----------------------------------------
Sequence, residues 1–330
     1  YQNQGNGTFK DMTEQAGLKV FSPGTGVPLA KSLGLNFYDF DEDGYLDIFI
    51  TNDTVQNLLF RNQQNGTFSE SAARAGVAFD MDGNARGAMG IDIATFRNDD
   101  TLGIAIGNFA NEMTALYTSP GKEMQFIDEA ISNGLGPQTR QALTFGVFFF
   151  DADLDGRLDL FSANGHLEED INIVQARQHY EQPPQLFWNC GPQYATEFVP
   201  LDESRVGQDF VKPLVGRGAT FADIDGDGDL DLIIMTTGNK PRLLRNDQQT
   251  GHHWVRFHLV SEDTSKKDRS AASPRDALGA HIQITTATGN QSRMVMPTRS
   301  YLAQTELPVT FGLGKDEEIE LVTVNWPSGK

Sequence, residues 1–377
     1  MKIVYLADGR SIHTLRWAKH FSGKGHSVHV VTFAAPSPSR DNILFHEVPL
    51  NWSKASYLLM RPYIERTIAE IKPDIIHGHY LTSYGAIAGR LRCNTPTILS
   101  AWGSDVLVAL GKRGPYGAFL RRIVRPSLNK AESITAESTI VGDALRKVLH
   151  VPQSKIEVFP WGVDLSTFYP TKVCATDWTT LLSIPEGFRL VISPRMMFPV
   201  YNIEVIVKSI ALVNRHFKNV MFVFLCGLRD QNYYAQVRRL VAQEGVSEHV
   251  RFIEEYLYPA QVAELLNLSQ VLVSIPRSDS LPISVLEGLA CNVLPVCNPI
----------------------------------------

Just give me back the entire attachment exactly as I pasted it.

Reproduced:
Sequence, residues 1–330
     1  YQNQGNGTFK DMTEQAGLKV FSPGTGVPLA KSLGLNFYDF DEDGYLDIFI
    51  TNDTVQNLLF RNQQNGTFSE SAARAGVAFD MDGNARGAMG IDIATFRNDD
   101  TLGIAIGNFA NEMTALYTSP GKEMQFIDEA ISNGLGPQTR QALTFGVFFF
   151  DADLDGRLDL FSANGHLEED INIVQARQHY EQPPQLFWNC GPQYATEFVP
   201  LDESRVGQDF VKPLVGRGAT FADIDGDGDL DLIIMTTGNK PRLLRNDQQT
   251  GHHWVRFHLV SEDTSKKDRS AASPRDALGA HIQITTATGN QSRMVMPTRS
   301  YLAQTELPVT FGLGKDEEIE LVTVNWPSGK

Sequence, residues 1–377
     1  MKIVYLADGR SIHTLRWAKH FSGKGHSVHV VTFAAPSPSR DNILFHEVPL
    51  NWSKASYLLM RPYIERTIAE IKPDIIHGHY LTSYGAIAGR LRCNTPTILS
   101  AWGSDVLVAL GKRGPYGAFL RRIVRPSLNK AESITAESTI VGDALRKVLH
   151  VPQSKIEVFP WGVDLSTFYP TKVCATDWTT LLSIPEGFRL VISPRMMFPV
   201  YNIEVIVKSI ALVNRHFKNV MFVFLCGLRD QNYYAQVRRL VAQEGVSEHV
   251  RFIEEYLYPA QVAELLNLSQ VLVSIPRSDS LPISVLEGLA CNVLPVCNPI